Home / Philippine News / Philippines eyes human trials for China-developed COVID-19 vaccine  — DOST 

Philippines eyes human trials for China-developed COVID-19 vaccine  — DOST 

In this picture taken on April 29, 2020, an engineer looks at monkey kidney cells as he make a test on an experimental vaccine for the COVID-19 coronavirus inside the Cells Culture Room laboratory at the Sinovac Biotech facilities in Beijing. Sinovac Biotech, which is conducting one of the four clinical trials that have been authorised in China, has claimed great progress in its research and promising results among monkeys.

MANILA, Philippines —Science and Technology Secretary Fortunato Dela Peña on Wenesday said that the country may be conducting human trials for a coronavirus vaccine created by a Chinese company.

Dela Peña said in an ABS-CBN News report that the Philippines would likely be joining Sinovac Biotech in conducting Phase Three of their clinical trials for their COVID-19 vaccine.

“We see that Sinovac is ahead. They are using what is called a deactivated coronavirus…The vaccine is not yet available so we will be joining either Phase Two or Phase Three. Most likely Phase Three… which will require thousands of volunteers,” he said in Filipino. He added that these trials would likely take place in Septemeber, pending the readiness of the vaccines.

Phase One of vaccine trials are conducted on animals while Phase Two is conducted on a small sample size of people.

According to the US Food and Drug Administration, Phase Three trials involve "300 to 3,000 volunteers who have the disease or condition" and can last from one to four years.

The science and technology secretary added that volunteers for trials would have to be 18 to 55 years old.

Why join a human trial for a vaccine?

Dela Peña explained the benefits of joining human trials, saying it would ensure both the country’s prioritization and Food and Drug Administration (FDA) approval of the vaccine proves to be successful.

“For example, if we are not included in a clinical trial, such as the Oxford vaccine which is being reported to be very advanced, if this is introduced to the country, the FDA will still require us to undergo our own clinical trials. Because a new provision in our Universal Healthcare Act, which is probably a result of past lessons learnt from vaccines, added a Phase Four requirement,” he said in Filipino.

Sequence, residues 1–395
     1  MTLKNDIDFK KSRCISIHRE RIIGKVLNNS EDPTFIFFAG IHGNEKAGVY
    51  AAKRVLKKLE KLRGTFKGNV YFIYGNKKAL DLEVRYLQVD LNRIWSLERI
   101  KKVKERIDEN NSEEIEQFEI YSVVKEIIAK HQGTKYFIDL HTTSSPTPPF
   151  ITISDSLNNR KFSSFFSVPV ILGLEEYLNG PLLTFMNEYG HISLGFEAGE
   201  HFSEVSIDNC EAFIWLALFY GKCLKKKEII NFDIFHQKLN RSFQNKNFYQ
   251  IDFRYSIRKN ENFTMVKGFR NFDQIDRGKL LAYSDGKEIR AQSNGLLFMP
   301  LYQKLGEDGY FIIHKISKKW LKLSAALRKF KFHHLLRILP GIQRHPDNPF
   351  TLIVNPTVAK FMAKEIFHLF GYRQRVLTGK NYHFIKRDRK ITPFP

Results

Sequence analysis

Phase Four requires the country to conduct its own trial of vaccines even if it is approved by the FDA abroad.

Dela Peña said that the conducting of simultaneous trials here could circumvent a delay of six to nine months.

He also highlighted the importance of the country having its own manufacturing capability for vaccines.

“What we’d like to happen before we enter an agreement with any [of the organizations and institutions approved by the IATF] is we’d like to require that they license a Filipino company to manufacture after the successful clinical trials,” he said in Filipino.

The Inter-Agency Task Force (IATF) on the Management of Emerging Infectious Diseases has given the go signal for the Philippines’ participation in at least five clinical trials for vaccines against the coronavirus disease.

Aside from Sinovac, the collaborating organizations include the Adimmune Corporation, the Academia Sinica, the Chinese Academy of Science – Guangzhou Institute of Biomedicine and Health and SinoPharm Group – Wuhan Institute of Biological Products and Beijing Institute.

Credit belongs to : www.philstar.ca

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